Life is (almost) glorious on the margins of EU integration, whatever the BBC says
There is much talk of Britain being isolated as talks on the Eurozone crisis continue. But who wants to be at the centre of project doomed to failure?
It’s that time again. The European Union is plunging headlong into crisis, and doing everything possible to shore up even bigger problems for the future, and the pundits (oops, objective and impartial journalists) at the BBC are fretting about UK isolation from the core of the project.
In a deliciously unabashed piece of editorialising on Friday’s meeting between France’s Nicolas Sarkozy and David Cameron, the BBC averred that, “Britain is concerned about the possible impact of a two-speed Europe, in which it could be left on the margins along with other countries outside the euro”.
Just a minute. Who’s this “Britain” fellow our state-funded media monolith feels qualified to speak for? And why is he so “concerned”?
In a two-speed Europe racing towards the cliff tops, we’re not even remotely “concerned” to be in the slow lane. At least when Germany, France and their entourage hurl themselves into oblivion we might still have a fighting chance of slamming on the brakes before it’s too late.
Of course, we’re fully aware that the downfall of continental Europe’s economies (not to mention their democracies, which are well on the way to being smothered in the latest bid for yet more “Europe”) would have profound consequences for own well-being.
But it would be ludicrous for us to feel pangs of regret that we’re not at the centre of what all but the most myopic can see is a fatally flawed project.
Let’s restate the two key points. We’ve done it umpteen times before, and our opponents have no serious comeback. But we live in hope that the message will one day get through.
First, the Eurozone is ultimately doomed whatever quick-fix solution is used to smooth things over for another few months or years. The Greek, Spanish, Portuguese and Italian economies (to name but four) can never be competitive with what is effectively the Franco-German currency. They and others (Ireland is the quotable example) will also remain out of synch with Franco-German interest rates.
When Ireland was booming it needed higher interest rates to cool its economy down. Instead, it got low, Franco-German interest rates which precipitated a massive housing boom, followed by an equally massive bust.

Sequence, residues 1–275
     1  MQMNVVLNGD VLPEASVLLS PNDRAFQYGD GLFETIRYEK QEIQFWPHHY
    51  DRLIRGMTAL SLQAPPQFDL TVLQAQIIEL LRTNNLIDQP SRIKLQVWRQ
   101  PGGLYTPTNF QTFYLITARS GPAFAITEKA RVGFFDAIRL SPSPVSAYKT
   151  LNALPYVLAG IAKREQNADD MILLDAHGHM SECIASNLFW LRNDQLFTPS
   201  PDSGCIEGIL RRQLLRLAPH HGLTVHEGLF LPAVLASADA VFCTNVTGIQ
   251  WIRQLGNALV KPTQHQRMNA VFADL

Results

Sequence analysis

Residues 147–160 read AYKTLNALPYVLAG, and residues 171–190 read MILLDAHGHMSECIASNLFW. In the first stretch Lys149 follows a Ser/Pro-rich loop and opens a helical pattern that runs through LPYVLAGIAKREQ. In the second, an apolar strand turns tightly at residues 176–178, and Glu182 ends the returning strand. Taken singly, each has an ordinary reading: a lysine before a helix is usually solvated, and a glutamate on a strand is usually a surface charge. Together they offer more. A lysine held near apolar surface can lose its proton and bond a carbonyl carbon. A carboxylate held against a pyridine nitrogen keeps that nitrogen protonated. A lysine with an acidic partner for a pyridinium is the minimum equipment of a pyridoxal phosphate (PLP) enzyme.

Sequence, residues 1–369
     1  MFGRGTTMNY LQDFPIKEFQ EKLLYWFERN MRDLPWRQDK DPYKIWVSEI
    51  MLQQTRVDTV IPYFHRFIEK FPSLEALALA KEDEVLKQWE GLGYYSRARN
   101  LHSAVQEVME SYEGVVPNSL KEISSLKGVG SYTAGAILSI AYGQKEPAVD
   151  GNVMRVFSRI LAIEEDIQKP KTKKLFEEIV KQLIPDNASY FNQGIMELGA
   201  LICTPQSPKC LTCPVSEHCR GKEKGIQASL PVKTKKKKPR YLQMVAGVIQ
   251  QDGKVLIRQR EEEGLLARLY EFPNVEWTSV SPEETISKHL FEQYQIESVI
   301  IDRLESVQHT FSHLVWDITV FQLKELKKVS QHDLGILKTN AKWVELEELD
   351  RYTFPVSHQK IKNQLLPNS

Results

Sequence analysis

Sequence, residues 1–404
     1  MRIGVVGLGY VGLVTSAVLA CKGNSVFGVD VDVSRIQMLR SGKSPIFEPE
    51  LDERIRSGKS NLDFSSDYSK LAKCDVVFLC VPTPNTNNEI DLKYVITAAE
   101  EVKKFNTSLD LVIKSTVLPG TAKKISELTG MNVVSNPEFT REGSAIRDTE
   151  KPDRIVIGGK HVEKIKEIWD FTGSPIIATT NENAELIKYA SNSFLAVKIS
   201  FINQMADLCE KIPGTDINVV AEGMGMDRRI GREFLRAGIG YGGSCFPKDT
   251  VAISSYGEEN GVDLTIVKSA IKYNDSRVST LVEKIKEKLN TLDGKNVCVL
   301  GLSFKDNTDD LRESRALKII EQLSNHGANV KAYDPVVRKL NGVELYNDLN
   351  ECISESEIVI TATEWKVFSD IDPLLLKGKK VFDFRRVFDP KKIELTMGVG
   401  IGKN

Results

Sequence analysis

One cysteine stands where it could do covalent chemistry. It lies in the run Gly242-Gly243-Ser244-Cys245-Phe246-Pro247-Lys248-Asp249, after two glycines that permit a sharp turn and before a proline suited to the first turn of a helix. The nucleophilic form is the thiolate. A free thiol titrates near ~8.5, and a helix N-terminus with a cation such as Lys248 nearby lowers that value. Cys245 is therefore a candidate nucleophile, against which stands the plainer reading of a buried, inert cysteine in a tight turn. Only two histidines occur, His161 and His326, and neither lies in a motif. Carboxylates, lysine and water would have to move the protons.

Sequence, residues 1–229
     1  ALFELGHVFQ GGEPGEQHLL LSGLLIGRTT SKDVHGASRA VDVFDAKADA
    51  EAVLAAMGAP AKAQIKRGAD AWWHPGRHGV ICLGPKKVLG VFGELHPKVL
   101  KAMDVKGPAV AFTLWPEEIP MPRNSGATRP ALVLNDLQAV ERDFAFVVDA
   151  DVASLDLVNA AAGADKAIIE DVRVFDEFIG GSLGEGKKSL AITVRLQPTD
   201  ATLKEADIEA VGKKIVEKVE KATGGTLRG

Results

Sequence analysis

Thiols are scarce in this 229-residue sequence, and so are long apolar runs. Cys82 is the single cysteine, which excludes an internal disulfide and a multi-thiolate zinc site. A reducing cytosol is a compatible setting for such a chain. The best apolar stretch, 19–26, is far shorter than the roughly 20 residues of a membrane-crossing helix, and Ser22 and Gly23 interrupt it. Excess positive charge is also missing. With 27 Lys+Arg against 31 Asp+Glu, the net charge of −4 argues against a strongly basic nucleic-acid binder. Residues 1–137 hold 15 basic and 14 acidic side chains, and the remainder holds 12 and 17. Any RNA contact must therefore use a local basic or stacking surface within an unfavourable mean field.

That’s what one size fits all means in practice. Fiscal union of the type now being advanced won’t make a shred of difference.
Second, “more Europe, not less” as Germany’s Angela Merkel puts it means another giant step towards a superstate and further erosion of European democracy.
As we never tire of pointing out (or do we tire of pointing it out?), there is no shared political culture across Europe. Polish people read Polish newspapers and are engaged with the political life of Poland. Portuguese people read Portuguese papers and are engaged with political life in Portugal. They are not reading each other’s papers or engaging with each other’s political concerns. They can’t even speak each other’s language. What applies to Poland and Portugal applies to everyone else.
Put another way, there is no European demos. The demos exists solely at the local/national level.
And what that means is that transferring legislative power from the nation state diminishes national democracy in favour of an amorphous bureaucratic elite in Brussels.
In sum, the “core Europe” of which we are not a part, the “fast lane” which we have not joined, is destroying both democracy and prosperity, and doing so for many of the same reasons.
We’d rather the people who run Europe would take a deep breath and stand back and think. But if they won’t, being a slow coach on the margins is about the best place for us to be.
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